Larry Gene Harrison was born on January 3, 1948 and joined the Armed Forces while in Williamston, North Carolina.
He served in the United States Army, Troop B, 1st Squadron, 9th United States Cavlary, 1st Cavalry Division, and attained the rank of Staff Sergeant.
Larry Gene Harrison was listed as Missing in Action until 2002 when his remains were identified and buried with Captain Jon Edward Swanson in Arlington National Cemetery on 2 May 2002.
The remains of former Boulder resident Captain Jon Swanson were laid to rest Friday morning at Arlington National Cemetery along with his flyng partner, Staff Sergeant Larry Harrison, in a ceremony 31 years in the making.
About 75 people, including Army Chief of Staff General Eric Shinseki, attended the funeral at Fort Myer Chapel near the grounds of the cemetery.
Swanson and Harrison's helicopter was shot down over Cambodia in early 1971 during the Vietnam War, and their remains were only recently recovered. Swanson's daughter, Brigid Swanson-Jones, was the only person other than the chaplains to speak at short service. She thanked the Army for taking care of its own and never forgetting them, even after three decades.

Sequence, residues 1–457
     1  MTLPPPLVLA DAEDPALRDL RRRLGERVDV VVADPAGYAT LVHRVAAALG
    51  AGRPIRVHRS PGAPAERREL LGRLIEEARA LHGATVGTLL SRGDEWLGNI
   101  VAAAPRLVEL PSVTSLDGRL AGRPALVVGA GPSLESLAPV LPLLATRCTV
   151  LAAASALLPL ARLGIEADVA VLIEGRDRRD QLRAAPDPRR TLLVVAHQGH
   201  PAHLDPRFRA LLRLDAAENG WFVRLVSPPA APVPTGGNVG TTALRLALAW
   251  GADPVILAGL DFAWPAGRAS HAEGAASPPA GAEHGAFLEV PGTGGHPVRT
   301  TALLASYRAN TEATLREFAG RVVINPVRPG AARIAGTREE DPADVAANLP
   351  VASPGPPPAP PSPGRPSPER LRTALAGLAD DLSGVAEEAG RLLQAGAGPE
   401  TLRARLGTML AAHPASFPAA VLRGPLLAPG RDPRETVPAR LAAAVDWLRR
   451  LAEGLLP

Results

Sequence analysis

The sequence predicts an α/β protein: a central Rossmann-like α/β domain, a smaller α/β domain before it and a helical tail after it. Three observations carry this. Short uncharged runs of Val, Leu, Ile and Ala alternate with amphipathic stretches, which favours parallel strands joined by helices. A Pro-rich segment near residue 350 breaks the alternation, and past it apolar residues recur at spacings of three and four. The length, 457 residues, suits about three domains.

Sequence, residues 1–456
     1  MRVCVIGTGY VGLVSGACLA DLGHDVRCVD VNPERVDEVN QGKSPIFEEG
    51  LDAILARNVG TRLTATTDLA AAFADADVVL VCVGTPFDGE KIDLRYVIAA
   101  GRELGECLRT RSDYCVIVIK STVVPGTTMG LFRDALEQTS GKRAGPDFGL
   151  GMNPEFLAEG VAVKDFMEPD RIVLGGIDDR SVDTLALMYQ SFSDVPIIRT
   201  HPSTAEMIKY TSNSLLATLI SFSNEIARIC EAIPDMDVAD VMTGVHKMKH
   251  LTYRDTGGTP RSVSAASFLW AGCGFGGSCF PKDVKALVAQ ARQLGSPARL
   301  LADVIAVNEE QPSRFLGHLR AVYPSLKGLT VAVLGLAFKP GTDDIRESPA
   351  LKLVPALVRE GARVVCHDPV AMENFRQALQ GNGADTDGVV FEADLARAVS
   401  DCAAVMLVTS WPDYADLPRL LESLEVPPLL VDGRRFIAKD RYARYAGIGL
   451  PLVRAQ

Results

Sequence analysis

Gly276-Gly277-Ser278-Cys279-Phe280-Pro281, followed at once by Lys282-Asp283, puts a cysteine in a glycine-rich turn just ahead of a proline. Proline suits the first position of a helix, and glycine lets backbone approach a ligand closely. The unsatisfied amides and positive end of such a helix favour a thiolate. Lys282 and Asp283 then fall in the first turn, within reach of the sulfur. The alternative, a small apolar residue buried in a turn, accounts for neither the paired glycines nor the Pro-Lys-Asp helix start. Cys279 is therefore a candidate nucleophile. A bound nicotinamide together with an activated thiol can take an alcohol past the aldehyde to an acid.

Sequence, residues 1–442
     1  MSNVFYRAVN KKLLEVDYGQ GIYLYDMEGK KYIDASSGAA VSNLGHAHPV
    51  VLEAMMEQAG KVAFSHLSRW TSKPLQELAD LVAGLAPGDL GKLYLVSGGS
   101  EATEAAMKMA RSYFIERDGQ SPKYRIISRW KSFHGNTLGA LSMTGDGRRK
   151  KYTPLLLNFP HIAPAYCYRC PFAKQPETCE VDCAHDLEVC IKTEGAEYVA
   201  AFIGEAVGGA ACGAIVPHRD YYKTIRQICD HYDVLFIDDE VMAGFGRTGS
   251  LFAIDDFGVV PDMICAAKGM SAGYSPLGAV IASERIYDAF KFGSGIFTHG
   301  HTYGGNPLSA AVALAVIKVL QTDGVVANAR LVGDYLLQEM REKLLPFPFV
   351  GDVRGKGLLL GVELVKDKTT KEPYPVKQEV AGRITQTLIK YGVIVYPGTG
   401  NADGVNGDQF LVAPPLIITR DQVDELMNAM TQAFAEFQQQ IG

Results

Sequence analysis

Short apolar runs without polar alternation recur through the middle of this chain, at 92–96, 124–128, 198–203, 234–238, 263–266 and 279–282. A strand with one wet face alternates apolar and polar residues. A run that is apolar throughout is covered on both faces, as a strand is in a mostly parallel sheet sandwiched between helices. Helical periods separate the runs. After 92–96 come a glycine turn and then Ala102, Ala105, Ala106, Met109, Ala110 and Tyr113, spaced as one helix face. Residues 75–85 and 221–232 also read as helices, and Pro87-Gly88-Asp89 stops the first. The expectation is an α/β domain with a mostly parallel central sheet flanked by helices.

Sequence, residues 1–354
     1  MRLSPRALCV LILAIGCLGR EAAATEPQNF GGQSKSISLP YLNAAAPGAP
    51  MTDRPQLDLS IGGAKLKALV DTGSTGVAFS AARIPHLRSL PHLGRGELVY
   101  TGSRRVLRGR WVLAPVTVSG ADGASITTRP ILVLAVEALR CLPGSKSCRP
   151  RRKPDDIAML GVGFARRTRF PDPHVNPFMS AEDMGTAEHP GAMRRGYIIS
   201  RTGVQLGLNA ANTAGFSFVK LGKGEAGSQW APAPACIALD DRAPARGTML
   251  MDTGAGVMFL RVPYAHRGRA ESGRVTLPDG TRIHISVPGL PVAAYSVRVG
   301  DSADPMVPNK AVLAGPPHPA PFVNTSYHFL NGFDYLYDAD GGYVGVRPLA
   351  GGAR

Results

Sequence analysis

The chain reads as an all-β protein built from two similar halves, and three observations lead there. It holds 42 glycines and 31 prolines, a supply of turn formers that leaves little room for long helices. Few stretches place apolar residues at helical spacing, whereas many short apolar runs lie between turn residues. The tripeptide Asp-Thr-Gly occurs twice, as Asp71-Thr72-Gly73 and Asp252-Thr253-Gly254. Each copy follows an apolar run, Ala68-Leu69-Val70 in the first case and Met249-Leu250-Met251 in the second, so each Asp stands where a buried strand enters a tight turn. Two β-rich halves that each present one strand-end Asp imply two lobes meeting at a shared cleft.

Swanson-Jones, 33, looked at the flag draped casket holding the remains of both men and said, “Welcome home, Larry. Welcome home, Dad.” Swanson's widow, Sandee Swanson, said she thought this day would never come. “You go through a year at a time, and after a while you figure that everything that could be done (in finding his
body) has been done,” she said. “I never knew people cared so much.”
The procession took a mile-and-a-half trip from the chapel to the gravesite on foot following the caisson drawn by white horses.
Once at the gravesite, the two fallen scout pilots were treated to military honors including a seven-man rifle company firing three volleys, a playing of “Taps” and flag
presentations to the families.